The idea that when a group of entities form what can be described as an aggregate then requires a single class to deal with that group does not follow the way in which database work. A relationship between two tables is signified by nothing more that one table having a foreign key which links to the primary key of another table. The operations that can be performed on a table are the same regardless of how many relationships may exist or what type they may be. Relationships are dealt with outside of the table, so in my software they are also dealt with outside of the table class, by specialist components in the Presentation layer. There are no special methods inside any table class to deal with any relationships, there are simply two arrays, called $parent_relations and $child_relations, which identify if a relationship exists and the mapping between the foreign key of the child and the primary key of the parent. The code to deal with each relationship in a manner which is suitable to the user is supplied by the framework in one of the numerous reusable Transaction Patterns. While a parent-child relationship can be dealt with using one of a choice of patterns, it depends on whether it produces a fixed hierarchy, such as for a SALES ORDER, or recursive hierarchy, such as for a BILL OF MATERIALS (BOM) which can be viewed in its entirety using a TREE pattern.
The idea that I should have a single Model class to handle all those tables in an association or aggregation is ridiculous enough, but when you couple it with the idea followed by some programmers that the Model should be handled by a single Controller this, in my humble opinion, transforms it from the ridiculous to the idiotic. I find the whole idea so amusing that sometimes I laugh so hard I can feel the tears running down my trouser leg. The purpose of OOP is supposed to be the creation of more reusable code as the more code you can reuse then the less code you have to write and the quicker you can finish, which means higher levels of productivity. My methodology provides me with a vast amount of reusable code, as explained in more detail in Why I don't do Domain Driven Design, which makes me far more productive than most other programmers. If my levels of productivity are better then surely the methodology which produces that level of productivity must surely be better?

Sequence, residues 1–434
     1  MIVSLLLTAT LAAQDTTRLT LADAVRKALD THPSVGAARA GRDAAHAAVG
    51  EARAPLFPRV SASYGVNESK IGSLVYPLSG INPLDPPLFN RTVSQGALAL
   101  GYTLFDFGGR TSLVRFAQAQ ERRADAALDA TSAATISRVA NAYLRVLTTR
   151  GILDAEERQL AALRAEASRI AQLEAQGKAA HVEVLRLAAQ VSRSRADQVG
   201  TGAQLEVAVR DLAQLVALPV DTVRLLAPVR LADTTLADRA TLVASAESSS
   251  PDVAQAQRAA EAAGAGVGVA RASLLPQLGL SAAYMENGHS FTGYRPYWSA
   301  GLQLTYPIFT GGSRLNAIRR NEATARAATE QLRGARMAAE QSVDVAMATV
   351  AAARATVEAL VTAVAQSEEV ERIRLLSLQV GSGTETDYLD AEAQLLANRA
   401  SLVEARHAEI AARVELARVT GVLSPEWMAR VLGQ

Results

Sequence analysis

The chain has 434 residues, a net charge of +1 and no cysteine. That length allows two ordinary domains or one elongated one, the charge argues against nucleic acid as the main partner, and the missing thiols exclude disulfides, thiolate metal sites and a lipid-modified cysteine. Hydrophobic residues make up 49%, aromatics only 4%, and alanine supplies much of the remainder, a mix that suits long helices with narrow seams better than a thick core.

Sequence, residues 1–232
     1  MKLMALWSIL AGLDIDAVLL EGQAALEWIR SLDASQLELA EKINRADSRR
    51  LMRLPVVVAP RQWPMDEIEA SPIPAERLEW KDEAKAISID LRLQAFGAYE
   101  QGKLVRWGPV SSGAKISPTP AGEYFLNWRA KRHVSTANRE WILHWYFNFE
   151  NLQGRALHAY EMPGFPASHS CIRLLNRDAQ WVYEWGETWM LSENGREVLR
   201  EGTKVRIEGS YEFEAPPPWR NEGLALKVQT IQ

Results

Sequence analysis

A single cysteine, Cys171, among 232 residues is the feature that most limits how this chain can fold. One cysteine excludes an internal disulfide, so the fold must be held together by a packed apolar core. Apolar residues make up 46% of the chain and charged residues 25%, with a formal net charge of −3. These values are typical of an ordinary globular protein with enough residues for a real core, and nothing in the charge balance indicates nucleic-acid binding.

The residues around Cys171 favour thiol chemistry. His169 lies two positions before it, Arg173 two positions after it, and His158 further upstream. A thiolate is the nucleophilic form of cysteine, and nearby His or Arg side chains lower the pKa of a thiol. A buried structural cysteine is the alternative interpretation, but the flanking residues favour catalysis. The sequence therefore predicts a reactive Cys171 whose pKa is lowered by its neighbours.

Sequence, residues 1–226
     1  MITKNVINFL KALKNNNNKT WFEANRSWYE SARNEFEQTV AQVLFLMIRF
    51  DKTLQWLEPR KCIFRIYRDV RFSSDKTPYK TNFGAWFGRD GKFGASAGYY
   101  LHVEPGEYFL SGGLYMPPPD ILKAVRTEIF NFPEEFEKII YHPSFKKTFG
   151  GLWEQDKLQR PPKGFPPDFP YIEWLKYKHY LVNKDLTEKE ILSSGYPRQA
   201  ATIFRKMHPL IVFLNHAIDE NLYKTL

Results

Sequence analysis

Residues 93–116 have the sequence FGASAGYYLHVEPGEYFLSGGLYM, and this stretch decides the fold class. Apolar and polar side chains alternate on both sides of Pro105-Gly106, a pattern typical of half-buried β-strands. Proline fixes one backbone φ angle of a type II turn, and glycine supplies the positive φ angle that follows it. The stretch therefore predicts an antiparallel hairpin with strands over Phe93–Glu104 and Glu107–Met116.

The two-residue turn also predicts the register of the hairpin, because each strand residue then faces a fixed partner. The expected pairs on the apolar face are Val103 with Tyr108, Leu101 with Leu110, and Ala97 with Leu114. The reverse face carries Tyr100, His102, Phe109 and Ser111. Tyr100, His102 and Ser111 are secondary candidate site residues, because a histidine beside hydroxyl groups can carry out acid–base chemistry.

If you think that my claims of greater productivity are at best exaggerated or at worst a bare-faced lie then you should take this challenge. If you cannot achieve within five minutes with YOUR methods what I can achieve within five minutes with MY methods, all without writing a single line of code, then I shall conclude that any criticisms which you keep throwing in my direction are not worth the toilet paper on which they are written and that you are talking out of the wrong end of your alimentary canal. Instead of simply claiming that your methods are superior to mine I challenge you to prove it. Either put up or shut up.
The Command Query Responsibility Segregation (CQRS) pattern deals with the notion that you can use a different model to update information than the model you use to read information. For some situations, this separation can be valuable, but beware that for most systems CQRS adds risky complexity. The above article contains the following statements:
The mainstream approach people use for interacting with an information system is to treat it as a CRUD data store. By this I mean that we have mental model of some record structure where we can Create new records, Read records, Update existing records, and Delete records when we're done with them. In the simplest case, our interactions are all about storing and retrieving these records.
As our needs become more sophisticated we steadily move away from that model. We may want to look at the information in a different way to the record store, perhaps collapsing multiple records into one, or forming virtual records by combining information for different places. On the update side we may find validation rules that only allow certain combinations of data to be stored, or may even infer data to be stored that's different from that we provide.
As this occurs we begin to see multiple representations of information. When users interact with the information they use various presentations of this information, each of which is a different representation.
Note that this definition of CQRS is an extension of the Command-Query Separation (CQS) pattern which was devised by Bertrand Meyer as part of his pioneering work on the Eiffel language which states that: